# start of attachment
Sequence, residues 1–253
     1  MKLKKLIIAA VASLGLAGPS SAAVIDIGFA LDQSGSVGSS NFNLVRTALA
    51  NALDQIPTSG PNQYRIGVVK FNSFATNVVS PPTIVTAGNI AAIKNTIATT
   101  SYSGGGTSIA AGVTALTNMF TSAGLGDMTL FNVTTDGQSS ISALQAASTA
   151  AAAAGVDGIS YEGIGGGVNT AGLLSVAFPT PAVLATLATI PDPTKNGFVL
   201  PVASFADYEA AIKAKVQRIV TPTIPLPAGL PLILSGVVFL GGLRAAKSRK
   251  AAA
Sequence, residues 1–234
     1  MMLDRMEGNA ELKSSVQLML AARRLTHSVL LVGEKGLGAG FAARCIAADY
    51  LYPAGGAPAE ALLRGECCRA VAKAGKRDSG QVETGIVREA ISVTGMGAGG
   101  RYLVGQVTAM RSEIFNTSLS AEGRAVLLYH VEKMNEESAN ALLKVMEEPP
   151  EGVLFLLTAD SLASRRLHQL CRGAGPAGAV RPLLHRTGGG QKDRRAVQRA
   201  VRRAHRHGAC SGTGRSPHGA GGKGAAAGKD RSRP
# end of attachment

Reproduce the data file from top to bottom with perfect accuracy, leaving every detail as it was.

Sequence, residues 1–253
     1  MKLKKLIIAA VASLGLAGPS SAAVIDIGFA LDQSGSVGSS NFNLVRTALA
    51  NALDQIPTSG PNQYRIGVVK FNSFATNVVS PPTIVTAGNI AAIKNTIATT
   101  SYSGGGTSIA AGVTALTNMF TSAGLGDMTL FNVTTDGQSS ISALQAASTA
   151  AAAAGVDGIS YEGIGGGVNT AGLLSVAFPT PAVLATLATI PDPTKNGFVL
   201  PVASFADYEA AIKAKVQRIV TPTIPLPAGL PLILSGVVFL GGLRAAKSRK
   251  AAA
Sequence, residues 1–234
     1  MMLDRMEGNA ELKSSVQLML AARRLTHSVL LVGEKGLGAG FAARCIAADY
    51  LYPAGGAPAE ALLRGECCRA VAKAGKRDSG QVETGIVREA ISVTGMGAGG
   101  RYLVGQVTAM RSEIFNTSLS AEGRAVLLYH VEKMNEESAN ALLKVMEEPP
   151  EGVLFLLTAD SLASRRLHQL CRGAGPAGAV RPLLHRTGGG QKDRRAVQRA
   201  VRRAHRHGAC SGTGRSPHGA GGKGAAAGKD RSRP